Media Matters calls the "Sherrod smear" a "wake up call" not to trust Fox. Sherrod's so cozy with the far-Left, she granted the propagandists an exclusive interview to play up the "victim" card against Fox and Breitbart, all the while ignoring the people who actually fired her:

Shirley Sherrod, the former Agriculture Department Georgia Director of Rural Development, says she is a victim. A victim of poor reporting and, as she contends, clear bias and racist coverage from both Andrew Breitbart and Fox News.

"When you look at their reporting, this is just another way of seeing that they are (racist)." ...

"You think we have come a long way in terms of race relations in this country, but we keep going backwards," she said. "We have become more racist. This was their doing, Breitbart put that together misrepresenting what I was saying and Fox carried it."

In addition, Media Matters says "experts"--the Left's favorite people quote--also say Fox and Breitbart were to blame for Sherrod's dismissal.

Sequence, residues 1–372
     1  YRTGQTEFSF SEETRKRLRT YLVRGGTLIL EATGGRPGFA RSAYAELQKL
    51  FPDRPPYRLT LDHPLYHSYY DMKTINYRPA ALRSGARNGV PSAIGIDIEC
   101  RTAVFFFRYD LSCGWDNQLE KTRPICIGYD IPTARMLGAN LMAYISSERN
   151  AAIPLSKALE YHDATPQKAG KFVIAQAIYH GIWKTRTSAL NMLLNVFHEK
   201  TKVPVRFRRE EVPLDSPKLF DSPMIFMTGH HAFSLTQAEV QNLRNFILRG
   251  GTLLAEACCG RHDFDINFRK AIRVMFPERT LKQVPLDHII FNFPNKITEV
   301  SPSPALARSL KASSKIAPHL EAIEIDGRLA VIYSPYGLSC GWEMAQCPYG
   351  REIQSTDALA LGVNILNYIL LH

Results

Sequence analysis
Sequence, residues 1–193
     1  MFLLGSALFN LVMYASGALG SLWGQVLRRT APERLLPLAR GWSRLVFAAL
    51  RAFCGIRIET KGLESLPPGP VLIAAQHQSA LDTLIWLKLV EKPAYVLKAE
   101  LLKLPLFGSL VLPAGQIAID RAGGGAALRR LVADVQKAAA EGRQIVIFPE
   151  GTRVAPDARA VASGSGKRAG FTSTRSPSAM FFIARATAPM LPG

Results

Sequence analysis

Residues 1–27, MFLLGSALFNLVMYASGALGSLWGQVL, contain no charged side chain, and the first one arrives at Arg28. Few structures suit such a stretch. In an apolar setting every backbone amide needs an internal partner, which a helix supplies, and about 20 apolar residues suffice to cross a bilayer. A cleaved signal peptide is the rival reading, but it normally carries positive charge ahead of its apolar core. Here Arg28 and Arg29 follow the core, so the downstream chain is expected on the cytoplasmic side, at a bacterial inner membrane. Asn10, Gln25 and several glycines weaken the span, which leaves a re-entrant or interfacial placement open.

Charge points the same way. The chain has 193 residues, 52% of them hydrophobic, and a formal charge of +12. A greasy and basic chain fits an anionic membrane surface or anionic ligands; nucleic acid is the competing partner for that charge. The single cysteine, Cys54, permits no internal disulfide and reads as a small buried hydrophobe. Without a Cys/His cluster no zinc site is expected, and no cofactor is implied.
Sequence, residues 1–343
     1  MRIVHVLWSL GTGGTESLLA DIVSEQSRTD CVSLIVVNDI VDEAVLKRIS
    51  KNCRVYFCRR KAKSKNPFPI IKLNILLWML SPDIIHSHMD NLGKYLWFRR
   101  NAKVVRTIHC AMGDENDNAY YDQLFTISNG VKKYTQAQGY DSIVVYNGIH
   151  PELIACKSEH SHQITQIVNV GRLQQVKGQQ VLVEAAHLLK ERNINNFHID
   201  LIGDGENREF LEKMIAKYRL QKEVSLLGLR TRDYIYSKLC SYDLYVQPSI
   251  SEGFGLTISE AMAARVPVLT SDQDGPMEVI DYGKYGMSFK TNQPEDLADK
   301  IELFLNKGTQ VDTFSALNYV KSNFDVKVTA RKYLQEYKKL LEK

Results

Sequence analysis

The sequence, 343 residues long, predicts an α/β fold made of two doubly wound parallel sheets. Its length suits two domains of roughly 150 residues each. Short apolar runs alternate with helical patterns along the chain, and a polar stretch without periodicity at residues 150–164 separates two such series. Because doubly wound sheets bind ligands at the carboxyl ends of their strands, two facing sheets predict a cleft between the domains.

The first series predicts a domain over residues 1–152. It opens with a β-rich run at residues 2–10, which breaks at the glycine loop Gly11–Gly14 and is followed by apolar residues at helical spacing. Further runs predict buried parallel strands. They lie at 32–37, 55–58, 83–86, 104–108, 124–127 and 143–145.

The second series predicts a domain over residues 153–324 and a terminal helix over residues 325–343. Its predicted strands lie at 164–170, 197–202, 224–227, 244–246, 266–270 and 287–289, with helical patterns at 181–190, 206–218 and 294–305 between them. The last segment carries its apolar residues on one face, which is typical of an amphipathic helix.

Keith Olbermann had one of the most ridiculous (and unintentionally hilarious) rants, calling Fox a "perpetual fraud machine" and denouncing Breitbart as "scum."

The New York Times is blaming Fox News for the Obama administration's treatment of Sherrod.

Newsweek also blames Fox, but not just for Sherrod's dismissal--they also defend Van Jones against his dismissal (apparently also Fox's fault).

CNN's Anderson Cooper, who clevely said of the tea partiers last summer, "It's hard to talk when you're teabagging," is suddenly concerned about the discourse in America and cable news' (read: Fox News) "smearing" of Sherrod.

Rachel Maddow is absurdly warning that Breitbart and Fox are working together to stoke white peoples' fears of President Barack Obama and other blacks.

The left-wing smear machine has happily granted Sherrod a national platform where she's free to spout off ridiculous leftist rhetoric--including demanding Breitbart's website to be shut down, accused him of being a racist in favor of bringing back the practice of slavery,

And finally, as reported by the Huffington Post, Barack Obama himself has condemned the media for his firing of Shirley Sherrod.

Obviously I think both Breitbart and Fox News dropped the ball in not looking into the story further before running it, although as Katie pointed out yesterday, there's still a lot to be extrapolated from the tape. But the liberal media's coverage of the incident has turned away from the wrongful firing of a federal employee and focused solely on inflating their ongoing feud with Fox News and attempts to silence conservatives like Andrew Breitbart.